Additional Potential Risk with Physician-Hosted Systems

Disabling code – vendors can include this in their software; in event of dispute (such as one involving a price dispute), vendor can hold the data hostage or destroy the data.


Additional Potential Risks with Subsidized Systems

  • Are there any legal concerns (e.g., antitrust/anti-kickback issues), particularly with subsidies from hospitals?
  • What happens to the data if the relationship changes, such as the physician moves, or no longer participates in the health insurance plan?


Additional Potential Risks with Cloud Systems

  • Vendor’s control over the data – during the contract period and after the contract period
  • Where is the data?  When the data is moved, is it permanently removed from the prior location?
  • Is it really free?
  • “Click and agree” online agreements
    • No negotiation on terms
    • Understand what you are agreeing to!
    • Indemnification and other provisions may contractually obligate you to liabilities outside what is covered under medical professional liability coverage
    • Obtain legal advice if you do not understand all of the provisions of the agreement



The AMA has an excellent checklist15 questions to ask before signing an electronic medical record or electronic health record agreement – which is available online at www.ama-assn.org/ama1/pub/upload/mm/472/emragreement.pdf.

Additional resources include:
*  AMA:    www.ama-assn.org (Home >> Physician Resources >> Solutions Managing Your Practice >> Health Information Technology)
*  APA:  www.psych.org (Home >> Psychiatric Practice >> Quality Improvement >> Electronic Health Records)
*  AAFP (American Academy of Family Physicians):  Center for Health IT at the AAFP – www.centerforhit.org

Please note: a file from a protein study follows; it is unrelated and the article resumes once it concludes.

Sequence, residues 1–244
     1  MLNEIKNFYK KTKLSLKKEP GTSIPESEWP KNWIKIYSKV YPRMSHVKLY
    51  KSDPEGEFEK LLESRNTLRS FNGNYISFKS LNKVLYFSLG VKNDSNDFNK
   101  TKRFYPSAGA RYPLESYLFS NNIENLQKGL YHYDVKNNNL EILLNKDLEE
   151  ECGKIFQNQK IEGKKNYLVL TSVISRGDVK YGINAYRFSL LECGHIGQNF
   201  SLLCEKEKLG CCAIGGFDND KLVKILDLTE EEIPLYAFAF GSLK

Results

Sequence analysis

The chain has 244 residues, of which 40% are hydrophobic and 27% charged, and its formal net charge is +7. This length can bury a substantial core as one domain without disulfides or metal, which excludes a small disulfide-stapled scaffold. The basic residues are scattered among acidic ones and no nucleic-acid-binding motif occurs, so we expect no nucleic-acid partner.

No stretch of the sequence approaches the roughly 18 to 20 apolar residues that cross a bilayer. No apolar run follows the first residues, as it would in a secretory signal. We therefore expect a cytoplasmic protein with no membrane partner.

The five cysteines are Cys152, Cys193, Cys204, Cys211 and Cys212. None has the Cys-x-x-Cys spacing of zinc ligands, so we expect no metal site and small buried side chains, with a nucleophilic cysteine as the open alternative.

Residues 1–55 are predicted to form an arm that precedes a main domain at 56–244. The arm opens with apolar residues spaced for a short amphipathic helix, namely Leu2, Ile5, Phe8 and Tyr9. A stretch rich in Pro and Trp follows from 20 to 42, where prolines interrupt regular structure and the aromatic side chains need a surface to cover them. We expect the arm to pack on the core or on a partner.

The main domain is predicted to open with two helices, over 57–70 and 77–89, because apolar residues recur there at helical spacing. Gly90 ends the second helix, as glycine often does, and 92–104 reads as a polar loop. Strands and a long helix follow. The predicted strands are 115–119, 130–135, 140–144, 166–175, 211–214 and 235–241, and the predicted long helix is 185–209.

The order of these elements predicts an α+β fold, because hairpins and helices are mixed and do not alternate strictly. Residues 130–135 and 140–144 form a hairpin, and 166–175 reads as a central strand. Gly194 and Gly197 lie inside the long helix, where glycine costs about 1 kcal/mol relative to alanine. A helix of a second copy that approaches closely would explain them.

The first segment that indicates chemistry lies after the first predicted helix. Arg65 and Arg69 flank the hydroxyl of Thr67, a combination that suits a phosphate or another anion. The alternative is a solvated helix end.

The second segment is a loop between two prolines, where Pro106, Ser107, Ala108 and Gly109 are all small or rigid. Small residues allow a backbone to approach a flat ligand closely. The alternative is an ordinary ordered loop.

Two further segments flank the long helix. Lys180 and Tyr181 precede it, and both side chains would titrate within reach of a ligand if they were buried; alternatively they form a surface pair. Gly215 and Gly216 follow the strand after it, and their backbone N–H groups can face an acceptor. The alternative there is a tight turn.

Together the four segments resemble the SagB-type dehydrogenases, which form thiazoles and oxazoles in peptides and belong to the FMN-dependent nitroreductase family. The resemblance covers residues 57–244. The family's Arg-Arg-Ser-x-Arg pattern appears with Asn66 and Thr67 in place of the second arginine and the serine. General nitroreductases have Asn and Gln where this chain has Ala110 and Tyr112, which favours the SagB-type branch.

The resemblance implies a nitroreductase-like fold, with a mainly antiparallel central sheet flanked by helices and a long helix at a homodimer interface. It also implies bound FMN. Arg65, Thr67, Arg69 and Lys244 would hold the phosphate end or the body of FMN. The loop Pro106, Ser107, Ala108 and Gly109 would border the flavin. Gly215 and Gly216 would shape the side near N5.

*  AAN (American Academy of Neurology):  www.aan.org (Home >> Practice >> Health Information Technology >> Electronic Health Records)
*  The Joint Commission:  Sentinel Event Alert 42 Safely implementing health information and converging technologies, www.jointcommission.org/SentinelEvents/SentinelEventAlert/sea_42.htm



RISK MANAGEMENT ISSUE:  To ensure physicians are able to meet the obligations to maintain records in a confidential and secure manner, physicians need to understand exactly where their EHR data will be stored (during and after the contract period with the vendor), who will have access to the data, and for what purpose.


  • Ensure the applicable issues addressed above are resolved adequately in the vendor contract.
  • Understand applicable state law requirements for EHRs.
  • Understand the HIPAA regulations, particularly the Security Rule and Privacy Rule.
  • Covered providers under HIPAA should have a Business Associate Agreement with the vendor; non-covered providers should have a similar confidentiality agreement.
  • Understand the specific eligibility requirements for governmental funding assistance under the Recovery Act – “Medicare / Medicaid eligible professionals” must demonstrate “meaningful use” of “certified” EHR technology.  For more information, visit www.healthit.hhs.gov and www.cms.gov/EHRIncentivePrograms.